JOBO AG Showcases photoGPS at PMA 07New GPS unit significantly changes the way photographers track a photograph's exact location - right down to the actual country, city and street and points of interest automatically
Las Vegas, NV (March 2, 2007) – JOBO AG announces today the new JOBO photoGPS – a small and lightweight Global Positioning System (GPS) receiver that fits directly on any digital camera's hot shoe, just as if it were a regular flash unit, without the need for extra cables. This new device allows automatic geo-tagging – country, city, street – entered into the image's Exif file.
"Today's digital photographer shoots more images on a daily basis than they ever did using film. And the time they spend searching and sorting their huge collections of images is done by inspecting the so-called meta-data (EXIF and / or IPTC) information embedded in every single digital photo file," said Johannes Bockemuehl-Simon, JOBO's CEO. "Most of the time, an essential part missing from this search and sort process is the actual geographic location where a photo was taken. Some solutions currently exist that couple a photographer's camera with existing (mostly organizer-based) GPS devices. These solutions can be both expensive and/or cumbersome. Our goal at JOBO was to automate this process, which we have accomplished with the introduction of our new photoGPS, and to make it possible for photographers to find specific images within seconds."
Each time the camera takes a picture JOBO's photoGPS will capture GPS time and location information and store this in its own internal memory. After the picture is taken photoGPS goes in a deep sleep mode, consuming almost no energy. It is the camera's flash synchronization mechanism that quickly awakens photoGPS. Under normal working conditions GPS data is captured only a few seconds after shutter release. If a second picture is taken within 15 minutes, GPS capture is instantaneous.
photoGPS PC program and database
JOBO's photoGPS comes with a PC and MAC compatible DVD that contains both the software and the database needed to post-process the information captured by the unit. Post-processing is highly automated: Users download the captured GPS data via the built-in USB interface and enter the directory name of the folder where the corresponding pictures are stored. The user's computer can then compare the EXIF time recorded by the camera and the GPS time recorded by photoGPS. When a match is found, the software updates the Longitude and Latitude EXIF fields. Having Longitude and Latitude coordinates is ideal if a photographer wants to trace a specific photo's location with Google Earth or any comparable program. The software can also convert the GPS coordinates into more readable and searchable information. For each location the software automatically retrieves: Country name, Region and District, City, Postal code, Street name and the Point Of Interest (POI) which is closest to the captured location. POI can be important tourist attractions, beaches, mountain peaks, frontiers, museums, opera or theatre houses, concert halls, sport stadiums, parks, embassies and so on. Several image browsers exist that can search and sort files according to user selected EXIF fields. So, for example, users can instruct their image browser to retrieve all their photos taken on "Plati Yialos" beach, "Mykonos", "Greece" in 2006, and 3 seconds later all corresponding photos have been located.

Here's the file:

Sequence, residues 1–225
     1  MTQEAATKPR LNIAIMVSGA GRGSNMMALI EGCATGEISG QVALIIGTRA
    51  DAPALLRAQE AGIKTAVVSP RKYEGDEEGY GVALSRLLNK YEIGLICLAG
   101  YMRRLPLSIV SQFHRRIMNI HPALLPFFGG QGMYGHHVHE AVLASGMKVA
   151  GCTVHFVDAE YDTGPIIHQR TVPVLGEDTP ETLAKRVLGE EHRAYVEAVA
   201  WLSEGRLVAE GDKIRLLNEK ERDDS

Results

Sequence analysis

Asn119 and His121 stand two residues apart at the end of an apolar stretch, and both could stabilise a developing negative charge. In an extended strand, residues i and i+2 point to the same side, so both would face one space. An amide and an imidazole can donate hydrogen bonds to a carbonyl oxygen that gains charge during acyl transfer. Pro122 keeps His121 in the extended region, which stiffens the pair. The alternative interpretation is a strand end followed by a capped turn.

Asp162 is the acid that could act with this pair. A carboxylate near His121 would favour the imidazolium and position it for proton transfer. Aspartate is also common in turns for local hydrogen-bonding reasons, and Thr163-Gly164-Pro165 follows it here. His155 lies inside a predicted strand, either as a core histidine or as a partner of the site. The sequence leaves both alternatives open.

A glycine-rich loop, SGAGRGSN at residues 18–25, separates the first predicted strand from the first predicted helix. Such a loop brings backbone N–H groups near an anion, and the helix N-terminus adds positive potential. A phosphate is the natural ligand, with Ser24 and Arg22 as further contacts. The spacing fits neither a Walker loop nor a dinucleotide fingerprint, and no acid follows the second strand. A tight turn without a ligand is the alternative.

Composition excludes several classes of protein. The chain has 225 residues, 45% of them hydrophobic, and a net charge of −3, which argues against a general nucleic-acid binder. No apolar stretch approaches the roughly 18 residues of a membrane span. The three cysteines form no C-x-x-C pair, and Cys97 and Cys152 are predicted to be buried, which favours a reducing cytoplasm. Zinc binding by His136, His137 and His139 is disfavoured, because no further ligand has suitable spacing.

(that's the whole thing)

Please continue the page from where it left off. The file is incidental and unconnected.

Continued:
photoGPS is expected to be available summer 2007 for a retail price of $149.
About JOBO AG
JOBO is a family-owned company now in its third generation of family leadership. Having been founded in 1923, it has built up a reputation for quality, professionalism, and commitment. These core values remain their keys for continuous success in times of vast technological changes, growing markets, and globalization.
Through innovation and ingenuity JOBO has created standards within the imaging industry. For example, JOBO created the product class of small-volume, high-quality photo processors. And NASA pictures of the first flight to the moon (Apollo 11) were processed using JOBO equipment.
JOBO is also one of the first exhibitors of the most important photo trade shows in the world – photokina, founded in 1950. Since then, close interaction with photo dealers and end users has been critical in making JOBO an indisputable market leader in the world of photography.